The opinion of the court was delivered by: BAER
HAROLD BAER, JR., United States District Judge.1
Plaintiff filed this claim under Title VII of the Civil Rights Act of 1964, as amended, 42 U.S.C. § 2000e et seq., alleging that he was denied permanent appointment as Director of the Spanish Language Program at Columbia University because of his national origin when a minority candidate was selected for the position. Defendant moves for summary judgment pursuant to Rule 56(c) of the Federal Rules of Civil Procedure asserting that the plaintiff's claim is devoid of any triable issue of fact. Fed. R. Civ. P. 56(c).
Defendant's motion was made on submission. For the reasons which follow, I hereby grant defendant's motion for summary judgment and dismiss plaintiff's complaint.
In 1993, the Department decided to fill the position permanently. The Department conducted an open search in accordance with its policy. Prior to the search, the Vice President for Arts and Sciences, Martin Meisel, attempted to have another faculty member, Frances Boyd, a woman, appointed to the position without a search. After the Department denied Mr. Meisel's attempt, he appointed a five member faculty committee to conduct an open search. Of the sixty-three applicants responding to an ad for the position, thirty-five were Latino. The committee invited three candidates including plaintiff, for day-long interviews during which each candidate was to teach a model class. Prior to the completion of the interview process one of the invited candidates accepted another position and dropped out of contention. The search committee then selected Augustus Puleo, an American of Hispanic national origin, as an additional candidate.
The committee offered the position to Mr. Puleo subject to the approval of the University Affirmative Action Monitoring Committee in accordance with Columbia's hiring policies. On May 20, 1993, the Committee approved Mr. Puleo.
A moving party is entitled to summary judgment pursuant to Rule 56(c) if, "when viewing the evidence in the light most favorable to the nonmovant, the court determines that there is no genuine issue of material fact and the movant is entitled to judgment as a matter of law." Cianfrano v. Babbitt, 851 F. Supp. 41, 44 (N.D.N.Y. 1994); see Anderson v. Liberty Lobby Inc., 477 U.S. 242, 250, 91 L. Ed. 2d 202, 106 S. Ct. 2505 (1986). There need be evidence of a disputed issue of fact for the nonmovant to survive summary judgment. The nonmovant "must do more than simply show that there is some metaphysical doubt as to the material facts." Matsushita Elec. Indust. Co. v. Zenith Radio, 475 U.S. 574, 586, 89 L. Ed. 2d 538, 106 S. Ct. 1348 (1985). "Summary judgment is properly regarded . . . as an integral part of the Federal Rules as a whole, which are designed to 'secure the just, speedy and inexpensive determination of every action.'" Celotex Corp. v. Catrett, 477 U.S. 317, 327, 91 L. Ed. 2d 265, 106 S. Ct. 2548 (1986) (quoting Federal Rules of Civil Procedure 1).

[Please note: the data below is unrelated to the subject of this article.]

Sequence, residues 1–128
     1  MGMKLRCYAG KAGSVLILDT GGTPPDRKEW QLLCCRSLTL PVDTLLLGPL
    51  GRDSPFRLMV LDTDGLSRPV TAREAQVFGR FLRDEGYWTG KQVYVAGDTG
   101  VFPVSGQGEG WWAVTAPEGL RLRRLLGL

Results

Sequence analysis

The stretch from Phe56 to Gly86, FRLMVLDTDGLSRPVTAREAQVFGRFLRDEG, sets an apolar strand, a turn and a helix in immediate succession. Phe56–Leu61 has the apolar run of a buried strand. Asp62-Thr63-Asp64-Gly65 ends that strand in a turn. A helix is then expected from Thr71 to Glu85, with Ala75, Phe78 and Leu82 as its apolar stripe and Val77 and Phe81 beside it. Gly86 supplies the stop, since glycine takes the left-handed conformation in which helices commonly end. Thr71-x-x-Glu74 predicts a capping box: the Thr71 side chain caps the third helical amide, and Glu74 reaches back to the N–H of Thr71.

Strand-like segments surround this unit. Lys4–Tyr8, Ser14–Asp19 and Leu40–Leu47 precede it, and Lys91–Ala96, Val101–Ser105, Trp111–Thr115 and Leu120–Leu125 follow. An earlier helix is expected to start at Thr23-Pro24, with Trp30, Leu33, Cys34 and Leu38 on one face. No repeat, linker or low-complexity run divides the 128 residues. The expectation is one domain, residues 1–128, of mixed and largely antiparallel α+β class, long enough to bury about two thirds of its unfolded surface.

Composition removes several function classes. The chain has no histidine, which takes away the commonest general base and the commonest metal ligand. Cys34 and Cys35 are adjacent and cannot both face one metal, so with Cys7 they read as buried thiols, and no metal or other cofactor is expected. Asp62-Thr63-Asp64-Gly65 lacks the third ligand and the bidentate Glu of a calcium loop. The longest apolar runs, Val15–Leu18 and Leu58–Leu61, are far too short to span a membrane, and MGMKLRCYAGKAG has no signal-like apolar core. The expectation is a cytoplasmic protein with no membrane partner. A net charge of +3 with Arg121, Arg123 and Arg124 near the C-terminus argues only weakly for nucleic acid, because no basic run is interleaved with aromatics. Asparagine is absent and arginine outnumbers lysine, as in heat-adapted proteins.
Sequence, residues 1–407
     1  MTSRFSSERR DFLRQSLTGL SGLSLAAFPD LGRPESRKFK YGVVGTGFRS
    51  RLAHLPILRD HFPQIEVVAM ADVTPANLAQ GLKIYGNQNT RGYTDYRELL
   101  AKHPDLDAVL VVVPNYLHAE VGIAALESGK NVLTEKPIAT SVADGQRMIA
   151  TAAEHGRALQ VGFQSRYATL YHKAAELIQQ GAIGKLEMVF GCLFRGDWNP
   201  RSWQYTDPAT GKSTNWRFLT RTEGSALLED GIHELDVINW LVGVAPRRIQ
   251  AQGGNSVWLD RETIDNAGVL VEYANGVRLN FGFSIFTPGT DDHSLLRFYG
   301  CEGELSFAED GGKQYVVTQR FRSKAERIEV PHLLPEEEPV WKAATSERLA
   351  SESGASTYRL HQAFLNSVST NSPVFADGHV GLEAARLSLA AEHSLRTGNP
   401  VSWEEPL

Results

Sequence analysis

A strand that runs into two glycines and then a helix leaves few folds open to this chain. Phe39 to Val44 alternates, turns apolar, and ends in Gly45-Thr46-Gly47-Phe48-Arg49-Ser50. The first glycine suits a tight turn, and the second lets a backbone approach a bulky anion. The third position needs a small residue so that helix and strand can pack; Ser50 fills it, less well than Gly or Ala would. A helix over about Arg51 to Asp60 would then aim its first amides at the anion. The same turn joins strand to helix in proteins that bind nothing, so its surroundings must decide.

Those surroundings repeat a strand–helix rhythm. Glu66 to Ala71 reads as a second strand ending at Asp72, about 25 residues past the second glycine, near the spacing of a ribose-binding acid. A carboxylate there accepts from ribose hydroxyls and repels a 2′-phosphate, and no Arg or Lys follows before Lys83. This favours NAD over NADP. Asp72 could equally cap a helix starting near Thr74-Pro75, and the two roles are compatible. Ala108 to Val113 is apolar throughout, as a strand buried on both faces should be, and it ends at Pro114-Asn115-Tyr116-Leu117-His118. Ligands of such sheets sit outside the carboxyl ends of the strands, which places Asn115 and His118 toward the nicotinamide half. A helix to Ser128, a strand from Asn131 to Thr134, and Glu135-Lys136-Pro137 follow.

The Second Circuit stated that "when deciding whether [summary judgment] should be granted in a discrimination case, additional considerations should be taken into account. A trial court must be cautious about granting summary judgment to an employer when . . . its intent is at issue." Gallo v. Prudential Residential Services, 22 F.3d 1219, 1224 (2d Cir. 1994) (citations omitted). However, it is not a hard and fast rule that summary judgment is precluded in employment discrimination cases. See McLee v. Chrysler Corp., 38 F.3d 67, 68 (2d Cir. 1994) (holding summary judgment is available in employment discrimination cases). A district judge must "exercise [the] decision making authority entrusted to him [or her]." Id. at 68.
In the case at bar, summary judgment is proper even though the plaintiff asserts a discrimination claim. A plaintiff's burden to defeat summary judgment is to produce de minimis evidence in opposition of the movant's claim that there are no triable factual issues. Goenaga v. March of Dimes Defects Foundation, 51 F.3d 14, 18 (2d Cir. 1995). "Nonetheless, the plaintiff cannot meet this burden through reliance on unsupported assertions. . . . The motion 'will not be defeated merely . . . on the basis of conjecture . . . .'" Id. (quoting Bryant v. Maffucci, 923 F.2d 979, 982 (2d Cir.), cert. denied, 502 U.S. 849, 112 S. Ct. 152, 116 L. Ed. 2d 117 (1991)).
In the case at bar, plaintiff claims that defendant discriminated against him (by not appointing plaintiff to the position of Director) in violation of Title VII of the Civil Rights Act of 1964 as amended, 42 U.S.C. § 2000e, et seq., which states in relevant part: "It shall be an unlawful employment practice for an employer . . . to discriminate against any individual . . . because of such individual's . . . national origin." The Supreme Court in McDonnell Douglas Corp. v. Green, 411 U.S. 792, 36 L. Ed. 2d 668, 93 S. Ct. 1817 (1973) set out the test by which a Title VII claim must be proven. Plaintiff must first establish a prima facie case of discrimination. If plaintiff does so, the burden shifts and the employer must proffer a "legitimate, non-discriminatory reason" for the challenged action. If the defendant succeeds, the plaintiff must then put forth evidence to prove that defendant's offered reasons were a pretext for discrimination. See id.; see also Texas Dep't of Community Affairs v. Burdine, 450 U.S. 248, 101 S. Ct. 1089, 67 L. Ed. 2d 207 (1981).
"For a plaintiff to make out a prima facie case of discriminatory [denial of employment], he must show that: (1) he belongs to a protected class; (2) his job performance was satisfactory; (3) he was denied employment; (4) the discharge occurred in circumstances giving rise to an inference of racial discrimination." Cianfrano v. Babbitt, 851 F. Supp. 41, 45 (N.D.N.Y. 1994) ...